Five Minutes With:
Sam Schaefer


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Photos courtesy of Sam Schaefer

[E]arlier this year, Sam Schaefer began working on Mockingbird Coffee, a coffee roasting company and tasting room to be located in Ann Arbor, Michigan. Alongside his friend Peter Littlejohn and with funding from a sole investor, Schaefer was working to create a sustainable roasting project that would, they hoped, move the coffee scene in Southeast Michigan forward.

In September, we sat down with Schaefer at the nearly-opened Mockingbird roastery for a “Do You Know?” interview, wherein he discussed his background, his love of coffee competitions, and his future plans. Unfortunately, before the issue went to press Mockingbird’s investor had a change of heart and removed funding, and Schaefer’s project was put on hold.

Now, a few months later, Schaefer and Littlejohn are restarting their company, under a new name, Espy, and with a different structure and vision. We caught up with Schaefer to find out what went on with Mockingbird, how Espy came to be, and what the future looks like now.

Peter Littlejohn (left) and Sam Schaefer
Can you give a brief summary of what happened with Mockingbird, for those who don’t know?

Mockingbird Coffee was a coffee roasting company with a tasting room located in Ann Arbor. I was a part owner, sharing the business with the sole investor of the company. We were working through a beautiful idea to empower coffee shops, coffee drinkers, and make coffee roasting more efficient financially and environmentally. A main goal was to achieve net zero waste and net zero carbon. We planned a fairly large-scale project with our investor, but he changed his mind without warning. Ultimately it became too big for him to continue to support. It had gone too far into development, and it was now impossible without him and his investment, so we had to shut it down.

Can you tell us how you transitioned from Mockingbird to Espy? What happened in between?

[Peter and I] were scrambling to find new jobs, and also trying to imagine how to keep going without any investment. We all believed in our ideas, and felt like we needed to finish what we started. We acquired the green coffee we had in the Mockingbird roastery, and began a plan to reopen. Our friends at Anthology Coffee [in Detroit] opened their doors to us immediately, offering us any support to get back online. We originally planned to take all the conceptual work we did with Mockingbird, and continue to sell coffee under the same ethos, just under new circumstances.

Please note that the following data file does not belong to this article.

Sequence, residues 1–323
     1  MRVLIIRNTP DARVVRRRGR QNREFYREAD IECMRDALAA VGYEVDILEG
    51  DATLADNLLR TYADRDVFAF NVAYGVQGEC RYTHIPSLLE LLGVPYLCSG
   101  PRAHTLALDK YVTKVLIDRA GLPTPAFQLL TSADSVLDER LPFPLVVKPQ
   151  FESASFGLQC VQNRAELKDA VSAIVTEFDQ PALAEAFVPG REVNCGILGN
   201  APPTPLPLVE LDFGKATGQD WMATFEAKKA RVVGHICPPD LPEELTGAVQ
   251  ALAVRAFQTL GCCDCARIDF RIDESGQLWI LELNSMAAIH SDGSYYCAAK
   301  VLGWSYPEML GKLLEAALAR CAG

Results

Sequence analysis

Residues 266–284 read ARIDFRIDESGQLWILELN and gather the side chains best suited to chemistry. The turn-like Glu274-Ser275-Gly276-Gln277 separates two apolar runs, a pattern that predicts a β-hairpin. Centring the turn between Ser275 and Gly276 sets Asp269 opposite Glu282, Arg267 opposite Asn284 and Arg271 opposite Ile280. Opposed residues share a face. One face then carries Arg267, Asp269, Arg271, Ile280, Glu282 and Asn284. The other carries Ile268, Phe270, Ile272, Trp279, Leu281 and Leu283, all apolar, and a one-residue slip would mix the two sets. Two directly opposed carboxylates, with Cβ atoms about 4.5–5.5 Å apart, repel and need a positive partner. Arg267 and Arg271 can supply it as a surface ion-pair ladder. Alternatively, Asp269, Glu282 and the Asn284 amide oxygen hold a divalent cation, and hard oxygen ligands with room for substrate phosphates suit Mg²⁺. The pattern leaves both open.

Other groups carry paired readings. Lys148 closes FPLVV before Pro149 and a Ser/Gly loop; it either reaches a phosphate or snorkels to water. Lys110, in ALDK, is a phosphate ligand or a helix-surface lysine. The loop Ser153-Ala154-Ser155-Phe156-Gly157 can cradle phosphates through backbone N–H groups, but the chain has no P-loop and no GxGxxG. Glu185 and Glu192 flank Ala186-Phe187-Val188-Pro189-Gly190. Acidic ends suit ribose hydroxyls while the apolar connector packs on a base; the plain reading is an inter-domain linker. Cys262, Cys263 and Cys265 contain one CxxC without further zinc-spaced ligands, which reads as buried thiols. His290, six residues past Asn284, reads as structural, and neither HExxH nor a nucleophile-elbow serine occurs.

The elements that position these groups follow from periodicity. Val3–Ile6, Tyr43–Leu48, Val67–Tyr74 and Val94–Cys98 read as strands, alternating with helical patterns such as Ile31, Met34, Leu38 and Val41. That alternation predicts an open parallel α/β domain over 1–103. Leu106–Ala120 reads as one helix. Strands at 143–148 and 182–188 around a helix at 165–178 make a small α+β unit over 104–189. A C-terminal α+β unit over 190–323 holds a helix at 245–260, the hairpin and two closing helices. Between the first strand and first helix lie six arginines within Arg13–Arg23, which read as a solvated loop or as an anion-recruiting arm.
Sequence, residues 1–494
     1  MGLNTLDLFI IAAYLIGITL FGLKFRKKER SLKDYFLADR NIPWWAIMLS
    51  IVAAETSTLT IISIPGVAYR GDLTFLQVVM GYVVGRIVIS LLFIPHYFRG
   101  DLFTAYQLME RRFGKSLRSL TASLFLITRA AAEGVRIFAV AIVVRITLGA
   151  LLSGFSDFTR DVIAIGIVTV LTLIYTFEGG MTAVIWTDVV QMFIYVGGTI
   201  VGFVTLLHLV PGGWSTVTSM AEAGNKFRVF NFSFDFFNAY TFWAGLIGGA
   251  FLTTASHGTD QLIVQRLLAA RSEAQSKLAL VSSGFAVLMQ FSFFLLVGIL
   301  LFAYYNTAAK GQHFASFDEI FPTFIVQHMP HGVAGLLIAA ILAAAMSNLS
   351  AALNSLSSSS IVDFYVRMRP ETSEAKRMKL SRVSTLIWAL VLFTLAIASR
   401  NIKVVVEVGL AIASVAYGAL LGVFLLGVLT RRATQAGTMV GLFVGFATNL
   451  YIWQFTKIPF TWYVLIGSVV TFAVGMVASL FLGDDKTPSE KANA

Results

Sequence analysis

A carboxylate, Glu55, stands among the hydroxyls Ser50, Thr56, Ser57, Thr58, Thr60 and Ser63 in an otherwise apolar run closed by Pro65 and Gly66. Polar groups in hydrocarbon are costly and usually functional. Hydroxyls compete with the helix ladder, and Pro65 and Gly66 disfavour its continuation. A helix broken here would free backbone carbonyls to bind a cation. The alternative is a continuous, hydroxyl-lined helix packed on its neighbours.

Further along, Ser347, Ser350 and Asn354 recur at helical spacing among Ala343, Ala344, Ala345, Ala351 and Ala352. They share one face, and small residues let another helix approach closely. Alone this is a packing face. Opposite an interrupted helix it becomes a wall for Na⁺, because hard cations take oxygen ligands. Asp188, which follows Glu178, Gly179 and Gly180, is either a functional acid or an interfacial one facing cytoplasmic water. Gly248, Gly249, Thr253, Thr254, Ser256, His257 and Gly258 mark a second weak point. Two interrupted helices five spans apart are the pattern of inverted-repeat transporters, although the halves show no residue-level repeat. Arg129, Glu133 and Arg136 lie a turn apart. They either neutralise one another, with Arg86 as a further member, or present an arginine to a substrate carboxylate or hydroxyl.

But sometime around October, I think literally the day before my wedding, we received a letter from the USPTO [patent and trademark office] about our declined application for trademarking “Mockingbird Coffee.” A restaurant decided to contest us and, following that, we received a cease and desist letter from this restaurant’s legal team. Long story short, all of the lawyer friends we spoke to said we could easily fight and probably keep our name, but it would probably become very expensive. So we took this as a moment to truly restart. 

We dug into ourselves and reimagined how, what, but mostly why. Why coffee, why anything. We realized our relationship was contextualized by coffee, but hasn’t exclusively been about that. Peter and I met in art school. We love and make art, music, sound, food, and coffee all because of the same thing: we love what great things show us, and how they make us feel. So we kept the name simple, yet encompassing who we are, and what we’re doing. We are S and P. Sam and Peter. Yet the word “espy” helps connect us to what we plan to do. 

Sam Schaefer
What will Espy the company look like?

As of right now, we are exclusively an e-commerce coffee roasting company. We are roasting out of Anthology Coffee. The Anthology crew are the most sincere coffee people we know—if you haven’t had their coffee, you need to! We are roasting weekly and shipping coffee right to your door.

We want to provide sweet, vibrant, complex, and balanced coffees to anyone, and also provide context, information, and meaning to go along with every coffee we roast and serve. We want to make it easy to enjoy great coffee, and to understand exactly what, how, or why it is unique.

What are your long-term goals for the company?

Beyond breaking even on our debts, we intentionally don’t have them. As much as we believe small businesses can be ideal catalysts for global change in a capitalistic society, we also know we can’t change the world alone. Espy will be constantly aiming to do everything as well as we can. We are committing to the process, yet aiming to have fun. We plan to roast coffee, we plan to share coffee.

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Fionn Pooler

Fionn Pooler is a coffee roaster and freelance writer currently based in the Scottish Highlands who has worked in the specialty coffee industry for over a decade. Since 2016 he has written the Pourover, a newsletter and blog that uses interviews and critical analysis to explore coffee’s place in the wider, changing world (and also yell at corporations).

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